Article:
December 2023 log jam installation.

Adding log jams to the stream network reconnected and reactivated the wetlands and floodplain, spreading out and reducing velocities in this anabranching stream system and improving the water quality entering the East Branch Rocky River. Restoring the valley with this technique rehydrates the wetlands and removes an actively eroding channel from the toe of the valley slope, protecting residential areas above.

Keep an eye on Biohabitats’ social media feeds for more photos of this project as it greens up!

Thanks to our collaboration with Cuyahoga Soil & Water Conservation District, Northeast Ohio Regional Sewer District, MLS, Chagrin Valley Engineering, ASC Group, Inc., and Crowley’s Vegetation Control, this project restored the stream to a self-sustaining system that can flourish with minimal human intervention. We can’t wait to see this site teeming with life in a few months! If you have any questions about this project on the East Branch of the Rocky River, please contact Rachel Spadafore.

Biofiltration Brings Life to a Landmark in our Nation’s Capital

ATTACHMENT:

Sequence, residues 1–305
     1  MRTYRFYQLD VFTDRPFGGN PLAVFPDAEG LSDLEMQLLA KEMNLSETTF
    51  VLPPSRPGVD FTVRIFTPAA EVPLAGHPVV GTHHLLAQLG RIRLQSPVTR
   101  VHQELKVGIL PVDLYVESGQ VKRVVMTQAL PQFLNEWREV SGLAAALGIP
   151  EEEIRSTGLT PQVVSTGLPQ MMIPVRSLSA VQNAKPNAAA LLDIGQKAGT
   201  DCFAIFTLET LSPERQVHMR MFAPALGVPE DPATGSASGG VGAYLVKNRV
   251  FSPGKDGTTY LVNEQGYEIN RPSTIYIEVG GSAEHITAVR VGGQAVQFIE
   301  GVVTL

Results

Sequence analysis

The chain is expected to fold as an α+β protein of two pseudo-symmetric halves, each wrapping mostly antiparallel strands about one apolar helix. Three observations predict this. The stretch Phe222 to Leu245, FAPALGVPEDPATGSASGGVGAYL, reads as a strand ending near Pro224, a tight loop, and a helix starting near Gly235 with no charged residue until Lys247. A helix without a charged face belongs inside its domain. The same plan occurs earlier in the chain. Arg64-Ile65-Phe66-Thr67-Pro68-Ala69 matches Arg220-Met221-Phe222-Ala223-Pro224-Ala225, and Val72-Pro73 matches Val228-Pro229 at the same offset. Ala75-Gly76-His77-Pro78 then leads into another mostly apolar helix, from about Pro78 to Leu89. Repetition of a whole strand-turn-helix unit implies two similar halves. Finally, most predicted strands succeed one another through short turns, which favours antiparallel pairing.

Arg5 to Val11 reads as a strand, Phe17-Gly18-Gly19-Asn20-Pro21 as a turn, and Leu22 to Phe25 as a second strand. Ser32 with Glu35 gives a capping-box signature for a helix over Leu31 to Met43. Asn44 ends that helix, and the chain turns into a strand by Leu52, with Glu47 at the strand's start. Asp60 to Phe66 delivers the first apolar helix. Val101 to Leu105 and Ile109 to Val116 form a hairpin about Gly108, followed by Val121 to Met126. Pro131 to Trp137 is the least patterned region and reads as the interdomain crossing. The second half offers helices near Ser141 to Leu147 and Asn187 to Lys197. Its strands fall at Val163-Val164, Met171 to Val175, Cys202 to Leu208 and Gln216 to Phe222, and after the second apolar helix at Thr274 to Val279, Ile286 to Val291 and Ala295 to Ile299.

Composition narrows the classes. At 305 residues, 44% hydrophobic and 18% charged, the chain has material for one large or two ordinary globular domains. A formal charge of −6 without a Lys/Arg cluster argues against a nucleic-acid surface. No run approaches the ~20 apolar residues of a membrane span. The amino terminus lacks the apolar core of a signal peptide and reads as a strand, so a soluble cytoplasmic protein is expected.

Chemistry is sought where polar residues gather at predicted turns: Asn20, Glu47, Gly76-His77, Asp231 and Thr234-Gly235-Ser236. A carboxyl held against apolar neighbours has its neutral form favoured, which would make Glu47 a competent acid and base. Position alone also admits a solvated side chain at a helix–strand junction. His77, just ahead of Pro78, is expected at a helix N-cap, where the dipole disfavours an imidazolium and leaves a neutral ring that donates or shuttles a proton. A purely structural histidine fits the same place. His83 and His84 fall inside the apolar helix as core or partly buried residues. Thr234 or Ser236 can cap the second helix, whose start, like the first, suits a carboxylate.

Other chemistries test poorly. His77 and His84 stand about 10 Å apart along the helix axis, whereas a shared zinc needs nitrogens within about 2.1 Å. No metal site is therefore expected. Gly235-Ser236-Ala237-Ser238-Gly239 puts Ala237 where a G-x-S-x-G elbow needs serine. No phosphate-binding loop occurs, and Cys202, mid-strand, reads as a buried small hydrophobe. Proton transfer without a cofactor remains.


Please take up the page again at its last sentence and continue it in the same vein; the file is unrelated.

Constitution Gardens, pre-restoration.

Coming soon: Constitution Gardens in Washington, D.C., is getting an ecological and aesthetic rehabilitation! As part of the PWP Landscape Architecture team selected by Trust for the National Mall, Biohabitats is designing the biofiltration wetland system for the Gardens’ lake. This system will provide deeper lake depths to enhance habitat and is one of the largest of its kind in Washington, D.C., restoring the function once provided by riparian wetlands and ultimately filtering 11,000,000 gallons of annual stormwater runoff. Constitution Gardens remains an integral part of a busy tourist area that is vulnerable to higher intensity flooding events from the Potomac, underscoring the need for a robust, resilient biofiltration system. The system will improve water quality and restore living, functional ecology to a dynamic landscape for the benefit of people and nature. Originally dedicated in 1976 to commemorate the U.S. Bicentennial, the goal is for the garden to be ready for the 250th anniversary of the signing of the Declaration of Independence in 2026. Check out this video for more details, and keep an eye on this space for updates! For questions about this project, please contact Jim Cooper.

Award-Winning Projects

Georgia Tech EcoCommons, ©Aerial Innovations Southeast.